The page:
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Israel Builds Underground Cemetery With Air-Conditioned Wi-Fi

Mr. Chananya Shachor, former manager of the Jerusalem Burial Association (Israel), poses for a photo at the giant underground cemetery – Photo: THE TELEGRAPH

The Perpetual tunnel, a huge complex in western Jerusalem, is an ideal place for constructing a high-class cemetery able to contain thousands of graves, according to estimations from the Jerusalem Burial Association.

Source: Rolzur

The massive cemetery is being constructed at a depth of 50m with 16 basements, completely facilitated with modern lifts. It is planned to be finished by 2023.

The tombs within the tunnels are split into distinguishable cells with memorials placed in front of them. The structure is facilitated with Wi-Fi, soundproof walls, soft lighting and automatic temperature control to enable the most convenient impression for mourners.

Together with technical problems, the engineers working in the project also had to make sure that the new cemetery complies with strict Jewish burial rules, for example, the obligation that the body of the dead be continued contact with the soil.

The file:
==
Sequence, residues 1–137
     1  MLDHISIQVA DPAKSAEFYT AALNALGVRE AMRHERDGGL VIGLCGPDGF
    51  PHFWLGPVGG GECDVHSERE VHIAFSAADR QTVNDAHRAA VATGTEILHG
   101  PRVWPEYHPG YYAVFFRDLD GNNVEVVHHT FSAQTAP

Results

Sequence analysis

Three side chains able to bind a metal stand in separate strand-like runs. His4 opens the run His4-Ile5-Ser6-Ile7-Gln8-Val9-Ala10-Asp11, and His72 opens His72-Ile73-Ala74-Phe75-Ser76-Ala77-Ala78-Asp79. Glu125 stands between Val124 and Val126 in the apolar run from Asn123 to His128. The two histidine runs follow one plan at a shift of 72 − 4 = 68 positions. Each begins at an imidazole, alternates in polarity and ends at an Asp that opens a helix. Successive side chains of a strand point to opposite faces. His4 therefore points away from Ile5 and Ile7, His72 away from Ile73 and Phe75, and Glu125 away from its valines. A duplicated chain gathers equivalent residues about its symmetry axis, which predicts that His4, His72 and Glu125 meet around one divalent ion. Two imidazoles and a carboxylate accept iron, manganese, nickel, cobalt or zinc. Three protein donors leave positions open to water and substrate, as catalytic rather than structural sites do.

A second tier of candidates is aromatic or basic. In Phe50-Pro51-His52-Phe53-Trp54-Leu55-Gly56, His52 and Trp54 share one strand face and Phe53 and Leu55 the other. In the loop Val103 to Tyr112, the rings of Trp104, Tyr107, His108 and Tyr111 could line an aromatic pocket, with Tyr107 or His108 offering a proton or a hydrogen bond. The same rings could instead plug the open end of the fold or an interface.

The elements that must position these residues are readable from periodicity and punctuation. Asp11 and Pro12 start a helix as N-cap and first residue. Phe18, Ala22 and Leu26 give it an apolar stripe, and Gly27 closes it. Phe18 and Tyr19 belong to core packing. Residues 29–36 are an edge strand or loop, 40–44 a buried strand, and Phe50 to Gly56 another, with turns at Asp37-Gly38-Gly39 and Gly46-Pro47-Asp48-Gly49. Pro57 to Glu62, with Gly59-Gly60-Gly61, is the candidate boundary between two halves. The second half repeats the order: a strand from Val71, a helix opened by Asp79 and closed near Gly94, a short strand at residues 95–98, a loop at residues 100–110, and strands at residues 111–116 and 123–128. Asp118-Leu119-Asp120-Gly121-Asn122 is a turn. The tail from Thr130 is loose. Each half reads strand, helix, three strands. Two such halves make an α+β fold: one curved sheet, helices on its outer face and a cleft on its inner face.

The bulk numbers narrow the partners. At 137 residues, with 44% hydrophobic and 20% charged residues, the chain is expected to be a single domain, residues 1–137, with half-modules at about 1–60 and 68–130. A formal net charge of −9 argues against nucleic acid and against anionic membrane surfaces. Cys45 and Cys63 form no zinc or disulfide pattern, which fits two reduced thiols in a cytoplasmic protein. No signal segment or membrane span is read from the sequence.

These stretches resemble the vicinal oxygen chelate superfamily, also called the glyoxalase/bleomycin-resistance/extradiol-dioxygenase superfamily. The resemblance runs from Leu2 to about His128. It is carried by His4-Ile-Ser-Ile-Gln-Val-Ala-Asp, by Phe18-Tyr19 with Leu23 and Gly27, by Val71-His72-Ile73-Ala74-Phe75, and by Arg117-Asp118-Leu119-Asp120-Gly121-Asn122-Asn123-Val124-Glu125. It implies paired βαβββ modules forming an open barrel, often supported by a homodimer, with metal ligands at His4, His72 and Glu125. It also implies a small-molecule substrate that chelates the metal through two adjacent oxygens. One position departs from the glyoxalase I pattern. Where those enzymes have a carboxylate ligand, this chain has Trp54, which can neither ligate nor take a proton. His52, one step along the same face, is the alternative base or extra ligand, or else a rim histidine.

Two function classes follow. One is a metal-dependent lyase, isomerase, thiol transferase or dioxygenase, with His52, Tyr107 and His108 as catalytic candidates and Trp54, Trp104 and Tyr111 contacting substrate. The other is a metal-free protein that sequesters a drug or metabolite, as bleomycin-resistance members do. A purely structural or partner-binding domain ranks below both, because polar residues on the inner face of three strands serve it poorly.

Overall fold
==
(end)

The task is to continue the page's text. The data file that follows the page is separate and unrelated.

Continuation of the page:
Source: Rolzur

“We invested a lot of money and enthusiasm in this cemetery. The project is not only a solution to the shortage of burial space, but also a place to honor the deceased who are buried here and their loved ones.” Chananya Shachor, former manager of the Jerusalem Burial Association said.

The manager of the project expects that the high-class burial sites will lower the burden that the Mount of Olives, the holiest Jewish burial ground, are holding.

The project management hopes this high-class cemetery will relieve pressure on the Mount of Olives, the holiest Jewish burial ground.

Source: Rolzur

In the past few years, the Mount of Olives has nearly depleted its own burial space, causing the Israeli authorities to bring up several options, including the expansion of the cemeteries near the Negev desert and the Givat Shaul neighborhood.

However, the shortage of burial space in this country shows no sign of improving. In particular, many Jews living abroad are willing to spend up to $20,000 to reserve a piece of land to rest in their homeland.